Denmark is the southernmost of the Scandinavian nations and is bordered by the Baltic Sea and the North Sea. Danish history may have begun during the Paleolithic/Neolithic Period as a nomadic hunter-gatherer society. Later on, during the 9th and 10th centuries, Denmark was home to the Vikings. Vikings were master seafarers who raided and pillaged Europe. They also traveled great distances to the Mediterranean, the Arab world, England and beyond.
The Denmark population data represent DNA samples from 200 randomly selected individuals from Denmark. STR frequencies were reported in the most recent European database release of the Working Group of the European Network of Forensic Institutes STRbase Project (frequencies).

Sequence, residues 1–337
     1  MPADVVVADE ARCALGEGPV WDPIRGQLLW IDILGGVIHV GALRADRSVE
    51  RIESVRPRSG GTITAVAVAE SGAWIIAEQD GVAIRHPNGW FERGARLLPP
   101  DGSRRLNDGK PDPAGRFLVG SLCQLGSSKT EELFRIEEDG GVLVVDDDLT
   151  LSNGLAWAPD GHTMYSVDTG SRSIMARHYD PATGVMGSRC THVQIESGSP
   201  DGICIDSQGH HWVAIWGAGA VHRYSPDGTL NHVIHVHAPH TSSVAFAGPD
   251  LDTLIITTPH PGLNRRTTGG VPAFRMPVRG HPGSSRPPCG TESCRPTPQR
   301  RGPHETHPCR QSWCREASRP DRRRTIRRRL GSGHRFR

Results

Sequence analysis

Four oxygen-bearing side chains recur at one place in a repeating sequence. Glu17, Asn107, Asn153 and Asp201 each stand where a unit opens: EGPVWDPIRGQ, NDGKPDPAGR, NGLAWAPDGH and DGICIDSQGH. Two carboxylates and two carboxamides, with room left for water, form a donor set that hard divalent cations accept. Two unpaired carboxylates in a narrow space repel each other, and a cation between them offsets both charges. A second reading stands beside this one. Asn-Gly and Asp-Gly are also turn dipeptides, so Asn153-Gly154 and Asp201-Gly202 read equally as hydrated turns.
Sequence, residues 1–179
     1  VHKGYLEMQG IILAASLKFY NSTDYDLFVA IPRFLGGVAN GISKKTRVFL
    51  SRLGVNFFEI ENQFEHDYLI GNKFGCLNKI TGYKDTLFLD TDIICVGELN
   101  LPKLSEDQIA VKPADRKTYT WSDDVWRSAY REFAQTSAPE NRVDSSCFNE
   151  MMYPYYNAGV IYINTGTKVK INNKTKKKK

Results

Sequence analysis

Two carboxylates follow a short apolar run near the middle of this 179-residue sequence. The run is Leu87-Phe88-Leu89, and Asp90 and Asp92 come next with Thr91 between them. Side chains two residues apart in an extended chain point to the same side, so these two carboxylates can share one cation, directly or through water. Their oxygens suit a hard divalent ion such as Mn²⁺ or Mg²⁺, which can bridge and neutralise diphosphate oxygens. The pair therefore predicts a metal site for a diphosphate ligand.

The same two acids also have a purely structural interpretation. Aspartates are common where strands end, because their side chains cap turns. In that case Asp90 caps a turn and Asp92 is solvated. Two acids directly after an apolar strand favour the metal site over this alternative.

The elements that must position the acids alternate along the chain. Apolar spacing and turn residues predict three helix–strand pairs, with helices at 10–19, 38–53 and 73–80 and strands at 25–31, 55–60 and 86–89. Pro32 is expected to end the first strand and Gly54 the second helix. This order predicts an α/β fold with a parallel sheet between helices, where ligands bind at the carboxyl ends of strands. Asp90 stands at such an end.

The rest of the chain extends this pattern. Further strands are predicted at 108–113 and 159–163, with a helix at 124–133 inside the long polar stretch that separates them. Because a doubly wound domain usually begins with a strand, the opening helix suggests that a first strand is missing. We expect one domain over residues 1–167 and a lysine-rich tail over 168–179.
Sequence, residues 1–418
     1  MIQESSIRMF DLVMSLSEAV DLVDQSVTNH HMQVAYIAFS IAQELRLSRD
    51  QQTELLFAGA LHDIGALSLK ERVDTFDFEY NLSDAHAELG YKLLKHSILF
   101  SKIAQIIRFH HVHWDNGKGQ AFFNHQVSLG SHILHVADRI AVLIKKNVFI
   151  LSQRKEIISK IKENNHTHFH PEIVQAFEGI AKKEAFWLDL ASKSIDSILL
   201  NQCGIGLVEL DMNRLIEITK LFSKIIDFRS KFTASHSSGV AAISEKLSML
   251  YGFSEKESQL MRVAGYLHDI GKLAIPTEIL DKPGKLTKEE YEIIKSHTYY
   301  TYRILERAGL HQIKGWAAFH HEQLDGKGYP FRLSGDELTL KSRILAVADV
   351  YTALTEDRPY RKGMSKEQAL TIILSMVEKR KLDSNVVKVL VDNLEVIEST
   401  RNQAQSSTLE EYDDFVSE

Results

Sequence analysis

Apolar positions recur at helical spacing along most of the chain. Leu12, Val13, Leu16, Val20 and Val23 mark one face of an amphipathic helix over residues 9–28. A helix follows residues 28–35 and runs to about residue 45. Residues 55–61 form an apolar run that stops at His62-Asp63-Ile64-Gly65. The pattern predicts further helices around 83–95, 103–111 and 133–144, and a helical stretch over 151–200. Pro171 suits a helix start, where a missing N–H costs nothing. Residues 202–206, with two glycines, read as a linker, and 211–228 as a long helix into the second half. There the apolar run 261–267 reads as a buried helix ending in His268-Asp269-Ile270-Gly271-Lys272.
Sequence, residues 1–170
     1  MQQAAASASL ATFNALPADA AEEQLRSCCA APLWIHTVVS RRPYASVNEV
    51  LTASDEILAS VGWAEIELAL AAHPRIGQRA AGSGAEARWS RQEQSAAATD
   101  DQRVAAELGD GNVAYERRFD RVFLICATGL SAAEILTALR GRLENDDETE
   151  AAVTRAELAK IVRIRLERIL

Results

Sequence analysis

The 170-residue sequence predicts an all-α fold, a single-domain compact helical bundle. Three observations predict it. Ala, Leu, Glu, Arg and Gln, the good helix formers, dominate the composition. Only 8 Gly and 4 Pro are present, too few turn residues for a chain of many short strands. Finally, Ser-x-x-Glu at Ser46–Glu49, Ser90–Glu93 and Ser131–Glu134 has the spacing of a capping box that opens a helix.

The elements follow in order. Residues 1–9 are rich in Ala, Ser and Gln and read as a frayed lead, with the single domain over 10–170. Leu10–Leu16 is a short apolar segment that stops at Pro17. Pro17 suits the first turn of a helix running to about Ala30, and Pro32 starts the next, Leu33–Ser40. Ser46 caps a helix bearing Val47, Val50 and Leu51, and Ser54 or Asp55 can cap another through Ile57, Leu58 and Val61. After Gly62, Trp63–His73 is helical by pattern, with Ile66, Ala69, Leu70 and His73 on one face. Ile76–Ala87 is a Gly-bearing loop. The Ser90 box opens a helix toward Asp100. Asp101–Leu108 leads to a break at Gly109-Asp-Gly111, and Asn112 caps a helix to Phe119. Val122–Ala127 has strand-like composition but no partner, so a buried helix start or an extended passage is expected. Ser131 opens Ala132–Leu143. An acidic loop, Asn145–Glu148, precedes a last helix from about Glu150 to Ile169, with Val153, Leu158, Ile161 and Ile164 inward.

For more details on this population, see
On the left is a photo of the Tollund Man. The Tollund Man was discovered in Tollund, Denmark in 1950. The peat bog, which he was found in, naturally mummified him. The acid in the peat preserved the tissue of his body. C14 dating puts his date of death between 375-210 BCE, during the early Iron Age. He is on display in the Silkeborg Museum in Silkeborg, Denmark (Tollund_Man).